In America today, Wolf, you get a health insurance card, and it's good luck, you're on your own, hope you can figure it out. Why don't we create a system that is actually user-friendly and helps people get health care the first time they're sick, not later on?
That's what we should aspire to as a nation. And other countries with very similar societies to ours have managed to do it and make it work. We should be aiming in that direction too.
BLITZER: Let me give you a chance to respond and explain some controversy that has developed today.
At a rally in Miami, you quoted the Argentine revolutionary Che Guevara, who was once, as you know, a top lieutenants to Cuba's Fidel Castro.
Let me play the clip of what you said.
(BEGIN VIDEO CLIP)
DE BLASIO: (SPEAKING SPANISH)
Brothers and sisters, we will be with you every step of the way. Bring home a victory for all working people. God bless you all.
(END VIDEO CLIP)
BLITZER: It means ever on to victory. You have just issued a public apology. You said you had no idea you
were quoting Che Guevara. So where did you pick up that phrase in the first place?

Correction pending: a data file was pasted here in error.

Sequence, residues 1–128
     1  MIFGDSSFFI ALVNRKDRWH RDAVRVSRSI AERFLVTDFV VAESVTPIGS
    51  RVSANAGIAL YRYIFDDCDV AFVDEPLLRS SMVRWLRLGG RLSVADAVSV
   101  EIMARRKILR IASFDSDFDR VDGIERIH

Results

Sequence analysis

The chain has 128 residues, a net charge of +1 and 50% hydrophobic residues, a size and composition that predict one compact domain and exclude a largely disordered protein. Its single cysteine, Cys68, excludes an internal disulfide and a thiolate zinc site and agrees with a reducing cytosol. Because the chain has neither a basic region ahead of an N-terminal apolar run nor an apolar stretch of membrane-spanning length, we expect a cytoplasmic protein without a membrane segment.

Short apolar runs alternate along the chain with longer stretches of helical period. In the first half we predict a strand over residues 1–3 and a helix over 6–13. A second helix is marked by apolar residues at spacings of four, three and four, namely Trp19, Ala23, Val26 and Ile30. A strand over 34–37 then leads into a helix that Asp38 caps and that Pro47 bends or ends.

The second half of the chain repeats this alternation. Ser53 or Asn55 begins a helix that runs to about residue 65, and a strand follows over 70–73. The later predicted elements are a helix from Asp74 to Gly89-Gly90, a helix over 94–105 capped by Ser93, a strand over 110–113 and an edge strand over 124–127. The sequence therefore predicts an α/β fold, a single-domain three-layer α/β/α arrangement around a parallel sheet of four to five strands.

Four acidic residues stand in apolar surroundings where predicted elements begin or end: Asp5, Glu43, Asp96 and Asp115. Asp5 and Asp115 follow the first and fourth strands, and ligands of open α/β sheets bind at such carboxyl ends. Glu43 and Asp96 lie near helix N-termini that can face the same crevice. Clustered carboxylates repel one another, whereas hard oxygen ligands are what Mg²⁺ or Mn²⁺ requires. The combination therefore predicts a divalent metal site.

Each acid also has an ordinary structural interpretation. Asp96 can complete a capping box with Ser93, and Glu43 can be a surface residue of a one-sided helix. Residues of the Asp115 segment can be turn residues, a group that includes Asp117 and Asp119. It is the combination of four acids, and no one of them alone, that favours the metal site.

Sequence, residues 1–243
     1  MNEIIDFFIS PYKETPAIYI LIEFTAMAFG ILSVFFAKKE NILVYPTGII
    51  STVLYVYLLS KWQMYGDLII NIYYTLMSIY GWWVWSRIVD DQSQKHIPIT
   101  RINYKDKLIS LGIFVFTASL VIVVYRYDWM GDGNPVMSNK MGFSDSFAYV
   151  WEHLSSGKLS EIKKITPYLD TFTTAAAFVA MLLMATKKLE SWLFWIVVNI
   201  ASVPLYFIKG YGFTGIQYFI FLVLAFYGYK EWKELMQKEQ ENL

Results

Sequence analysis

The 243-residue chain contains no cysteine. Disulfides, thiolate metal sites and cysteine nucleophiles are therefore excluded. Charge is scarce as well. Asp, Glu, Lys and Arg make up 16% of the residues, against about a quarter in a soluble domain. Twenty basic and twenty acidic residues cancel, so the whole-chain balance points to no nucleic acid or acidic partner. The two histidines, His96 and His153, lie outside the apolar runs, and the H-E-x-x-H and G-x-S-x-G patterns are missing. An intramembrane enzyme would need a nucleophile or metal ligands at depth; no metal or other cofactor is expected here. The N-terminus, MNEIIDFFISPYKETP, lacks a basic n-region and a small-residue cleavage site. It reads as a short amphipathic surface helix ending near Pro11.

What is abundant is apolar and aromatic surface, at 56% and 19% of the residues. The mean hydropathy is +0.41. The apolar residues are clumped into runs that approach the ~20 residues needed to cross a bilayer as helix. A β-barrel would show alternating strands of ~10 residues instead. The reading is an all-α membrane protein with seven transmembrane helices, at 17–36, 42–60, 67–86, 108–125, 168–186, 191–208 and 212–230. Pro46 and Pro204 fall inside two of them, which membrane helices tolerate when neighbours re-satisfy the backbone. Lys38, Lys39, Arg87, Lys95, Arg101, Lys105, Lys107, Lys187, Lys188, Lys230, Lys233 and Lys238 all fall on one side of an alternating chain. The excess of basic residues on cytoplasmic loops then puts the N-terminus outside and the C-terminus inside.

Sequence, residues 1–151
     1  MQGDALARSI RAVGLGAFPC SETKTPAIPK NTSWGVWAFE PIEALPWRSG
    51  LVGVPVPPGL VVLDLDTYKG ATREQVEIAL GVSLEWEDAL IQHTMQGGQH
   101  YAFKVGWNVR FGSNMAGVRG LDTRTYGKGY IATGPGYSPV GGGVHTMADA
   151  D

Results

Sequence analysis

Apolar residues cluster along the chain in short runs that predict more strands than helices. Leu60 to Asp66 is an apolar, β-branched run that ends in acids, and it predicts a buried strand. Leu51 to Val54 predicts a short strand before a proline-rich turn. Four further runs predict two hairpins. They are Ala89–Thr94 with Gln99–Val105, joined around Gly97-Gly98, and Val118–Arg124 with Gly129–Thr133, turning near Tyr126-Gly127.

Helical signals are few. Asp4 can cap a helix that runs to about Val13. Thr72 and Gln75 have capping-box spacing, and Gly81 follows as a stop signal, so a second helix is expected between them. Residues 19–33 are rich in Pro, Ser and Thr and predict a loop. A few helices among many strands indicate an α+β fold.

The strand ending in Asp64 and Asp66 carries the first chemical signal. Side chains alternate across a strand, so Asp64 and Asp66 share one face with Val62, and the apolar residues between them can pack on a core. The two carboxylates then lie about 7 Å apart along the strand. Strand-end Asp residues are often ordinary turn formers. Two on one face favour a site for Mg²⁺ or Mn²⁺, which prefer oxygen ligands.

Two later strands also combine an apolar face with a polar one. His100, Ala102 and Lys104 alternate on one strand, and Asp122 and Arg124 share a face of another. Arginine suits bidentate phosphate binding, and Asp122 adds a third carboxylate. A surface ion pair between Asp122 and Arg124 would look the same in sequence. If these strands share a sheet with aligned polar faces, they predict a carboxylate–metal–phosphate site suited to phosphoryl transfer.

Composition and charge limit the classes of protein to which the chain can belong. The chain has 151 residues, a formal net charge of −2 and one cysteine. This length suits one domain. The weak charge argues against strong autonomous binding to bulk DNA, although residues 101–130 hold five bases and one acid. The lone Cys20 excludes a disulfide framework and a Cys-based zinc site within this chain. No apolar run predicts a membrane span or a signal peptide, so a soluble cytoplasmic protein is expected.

DE BLASIO: Yes, look, Wolf, that's an honest mistake. And I do apologize for it.
I literally meant it as a Spanish phrase, that these folks are going to be victorious, hang on to victory, that kind of thing. And you saw the response from the folks there working at the airport. They took it as just an affirmation of the strike.
These airport workers are getting a real raw deal. They're doing such important work. And they're not getting fair pay and benefits. That's what I was there for.
So, I do apologize because I didn't understand the context. And I certainly did not mean to offend anyone.
BLITZER: Because, as you know, it's deeply offensive to a lot of Hispanics, especially those Cuban Americans who are down in Miami.
DE BLASIO: Well, Wolf, I understand that now. And, obviously, if I had understood the phrase's origin better, I would not have used it.